## 2014년 5월 21일 수요일

### Google Code Jam 2014 Round 1C Problem A - Part Elf

This is a post-mortem of my work on Google Code Jam 2014 Round 1C Problem A. The original problem can be found here. The problem analysis has not yet been posted and I haven't yet looked at other competitors' code, although I plan to do so.

On a positive note, I have certainly improved since participating in GCJ 2013. I just barely made the cut for the Qualification Round in 2013, but my solution for Problem C, Fair and Square, was actually invalid despite passing the autograder because I didn't programmatically generate a series of  fair and square numbers (palindromic numbers that are also squares) -- instead I just memoized a sufficiently large list of palindromic squares from OEIS (sequence A002779) against which I tested numbers from the input file.

In 2014, however, I really did pass the Qualification Round "fair and square". I subsequently competed in Rounds 1A and 1C but wasn't able to solve any of the problems within the allotted 2 hours and 30 minutes.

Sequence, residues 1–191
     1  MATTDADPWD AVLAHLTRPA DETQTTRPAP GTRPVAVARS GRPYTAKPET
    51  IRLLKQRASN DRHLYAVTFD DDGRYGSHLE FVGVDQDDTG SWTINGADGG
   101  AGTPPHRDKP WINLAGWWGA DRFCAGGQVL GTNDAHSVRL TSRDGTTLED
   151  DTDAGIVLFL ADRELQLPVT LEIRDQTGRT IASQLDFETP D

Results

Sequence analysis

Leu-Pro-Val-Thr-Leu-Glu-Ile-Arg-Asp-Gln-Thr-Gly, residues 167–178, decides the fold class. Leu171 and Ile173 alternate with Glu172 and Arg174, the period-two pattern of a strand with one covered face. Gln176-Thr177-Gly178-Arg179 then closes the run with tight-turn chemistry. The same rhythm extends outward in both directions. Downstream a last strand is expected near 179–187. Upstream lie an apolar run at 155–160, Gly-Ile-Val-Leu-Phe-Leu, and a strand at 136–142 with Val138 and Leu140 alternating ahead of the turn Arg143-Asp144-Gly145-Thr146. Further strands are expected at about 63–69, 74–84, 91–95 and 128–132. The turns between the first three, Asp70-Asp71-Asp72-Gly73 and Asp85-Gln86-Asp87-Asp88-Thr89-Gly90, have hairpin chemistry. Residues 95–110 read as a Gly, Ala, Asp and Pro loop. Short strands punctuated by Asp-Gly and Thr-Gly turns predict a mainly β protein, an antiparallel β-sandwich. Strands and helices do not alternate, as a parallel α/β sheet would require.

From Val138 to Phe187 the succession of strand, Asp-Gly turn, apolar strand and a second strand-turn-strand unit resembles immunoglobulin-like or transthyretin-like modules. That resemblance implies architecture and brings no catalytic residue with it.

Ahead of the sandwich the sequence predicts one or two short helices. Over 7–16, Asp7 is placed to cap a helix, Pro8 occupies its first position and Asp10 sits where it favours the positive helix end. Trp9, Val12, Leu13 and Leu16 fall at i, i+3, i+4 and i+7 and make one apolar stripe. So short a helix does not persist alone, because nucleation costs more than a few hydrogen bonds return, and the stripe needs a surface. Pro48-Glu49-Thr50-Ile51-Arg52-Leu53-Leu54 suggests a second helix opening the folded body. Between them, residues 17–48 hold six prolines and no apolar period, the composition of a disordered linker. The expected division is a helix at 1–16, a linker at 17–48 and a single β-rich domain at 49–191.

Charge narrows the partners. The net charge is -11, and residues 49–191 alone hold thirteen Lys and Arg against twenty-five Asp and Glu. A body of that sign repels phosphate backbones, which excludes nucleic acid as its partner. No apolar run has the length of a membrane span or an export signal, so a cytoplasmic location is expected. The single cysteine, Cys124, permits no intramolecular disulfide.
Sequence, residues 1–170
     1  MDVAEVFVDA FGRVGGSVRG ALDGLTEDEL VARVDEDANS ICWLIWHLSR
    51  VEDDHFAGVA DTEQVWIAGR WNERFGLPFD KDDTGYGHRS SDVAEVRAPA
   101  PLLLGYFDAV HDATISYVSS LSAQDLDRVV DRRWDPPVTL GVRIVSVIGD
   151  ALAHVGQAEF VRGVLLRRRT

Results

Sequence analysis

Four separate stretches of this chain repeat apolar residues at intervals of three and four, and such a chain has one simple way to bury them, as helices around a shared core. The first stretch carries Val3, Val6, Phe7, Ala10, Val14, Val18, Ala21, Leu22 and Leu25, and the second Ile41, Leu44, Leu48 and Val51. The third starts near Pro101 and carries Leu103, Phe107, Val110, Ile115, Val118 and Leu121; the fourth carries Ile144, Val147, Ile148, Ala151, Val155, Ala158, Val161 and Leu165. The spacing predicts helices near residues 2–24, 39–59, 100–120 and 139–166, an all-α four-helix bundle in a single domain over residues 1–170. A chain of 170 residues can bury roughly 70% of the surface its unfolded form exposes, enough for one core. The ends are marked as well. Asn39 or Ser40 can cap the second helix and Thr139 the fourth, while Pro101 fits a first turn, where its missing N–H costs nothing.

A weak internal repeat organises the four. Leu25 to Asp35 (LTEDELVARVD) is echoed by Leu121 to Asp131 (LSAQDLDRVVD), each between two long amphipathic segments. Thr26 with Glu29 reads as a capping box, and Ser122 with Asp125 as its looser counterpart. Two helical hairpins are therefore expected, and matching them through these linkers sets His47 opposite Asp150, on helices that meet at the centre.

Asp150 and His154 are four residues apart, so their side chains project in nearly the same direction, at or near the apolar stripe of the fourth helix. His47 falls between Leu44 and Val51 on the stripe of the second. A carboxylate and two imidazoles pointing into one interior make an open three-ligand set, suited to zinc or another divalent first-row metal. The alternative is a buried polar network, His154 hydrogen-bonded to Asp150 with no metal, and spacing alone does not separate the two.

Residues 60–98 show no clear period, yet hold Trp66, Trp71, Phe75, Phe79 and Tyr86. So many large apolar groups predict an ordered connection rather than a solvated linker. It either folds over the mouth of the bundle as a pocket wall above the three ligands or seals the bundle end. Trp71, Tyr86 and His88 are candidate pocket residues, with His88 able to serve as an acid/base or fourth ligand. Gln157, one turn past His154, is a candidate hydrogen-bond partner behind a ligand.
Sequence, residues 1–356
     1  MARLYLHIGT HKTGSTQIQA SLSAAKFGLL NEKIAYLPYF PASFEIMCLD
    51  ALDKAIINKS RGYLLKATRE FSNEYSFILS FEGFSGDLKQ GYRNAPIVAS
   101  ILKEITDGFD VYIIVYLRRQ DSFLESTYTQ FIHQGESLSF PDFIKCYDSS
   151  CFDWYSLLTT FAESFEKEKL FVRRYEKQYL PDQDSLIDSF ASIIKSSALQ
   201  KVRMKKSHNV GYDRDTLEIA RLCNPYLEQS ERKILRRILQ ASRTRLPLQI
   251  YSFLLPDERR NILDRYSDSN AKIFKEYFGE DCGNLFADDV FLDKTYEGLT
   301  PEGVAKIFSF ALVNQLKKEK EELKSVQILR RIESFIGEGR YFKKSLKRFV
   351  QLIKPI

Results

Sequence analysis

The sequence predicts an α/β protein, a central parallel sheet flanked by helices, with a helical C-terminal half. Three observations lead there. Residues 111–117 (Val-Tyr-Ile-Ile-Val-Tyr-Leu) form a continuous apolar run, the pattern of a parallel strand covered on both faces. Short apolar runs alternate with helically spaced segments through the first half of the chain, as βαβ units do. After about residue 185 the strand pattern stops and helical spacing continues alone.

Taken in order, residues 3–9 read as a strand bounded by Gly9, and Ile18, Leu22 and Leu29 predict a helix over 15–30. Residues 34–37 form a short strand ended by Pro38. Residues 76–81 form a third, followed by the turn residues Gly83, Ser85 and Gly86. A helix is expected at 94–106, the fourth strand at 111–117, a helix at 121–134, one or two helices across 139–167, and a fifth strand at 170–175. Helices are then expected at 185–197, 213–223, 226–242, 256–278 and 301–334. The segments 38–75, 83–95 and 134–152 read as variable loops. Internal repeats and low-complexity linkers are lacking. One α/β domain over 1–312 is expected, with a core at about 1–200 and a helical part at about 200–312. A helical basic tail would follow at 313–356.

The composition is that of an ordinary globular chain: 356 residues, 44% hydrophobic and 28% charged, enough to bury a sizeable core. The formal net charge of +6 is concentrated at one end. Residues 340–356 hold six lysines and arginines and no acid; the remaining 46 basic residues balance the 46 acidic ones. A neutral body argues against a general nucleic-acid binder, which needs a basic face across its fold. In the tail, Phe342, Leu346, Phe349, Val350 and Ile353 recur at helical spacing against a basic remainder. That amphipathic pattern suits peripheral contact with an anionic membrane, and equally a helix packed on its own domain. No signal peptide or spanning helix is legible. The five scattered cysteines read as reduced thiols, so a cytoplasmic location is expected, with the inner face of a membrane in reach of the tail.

The problem statement for 1C Problem A is as follows:

Vida says she's part Elf: that at least one of her ancestors was an
Elf. But she doesn't know if it was a parent (1 generation ago), a
grandparent (2 generations ago), or someone from even more
generations ago. Help her out!

Being part Elf works the way you probably expect. People who are
Elves, Humans and part-Elves are all created in the same way: two
parents get together and have a baby. If one parent is A/B Elf, and
the other parent is C/D Elf, then their baby will be (A/B + C/D) / 2
Elf. For example, if someone who is 0/1 Elf and someone who is 1/2
Elf have a baby, that baby will be 1/4 Elf.

Vida is certain about one thing: 40 generations ago, she had 2^40
different ancestors, and each one of them was 1/1 Elf or 0/1 Elf.

Vida says she's P/Q Elf. Tell her what is the minimum number of
generations ago that there could have been a 1/1 Elf in her
family. If it is not possible for her to be P/Q Elf, tell her that
she must be wrong!

Input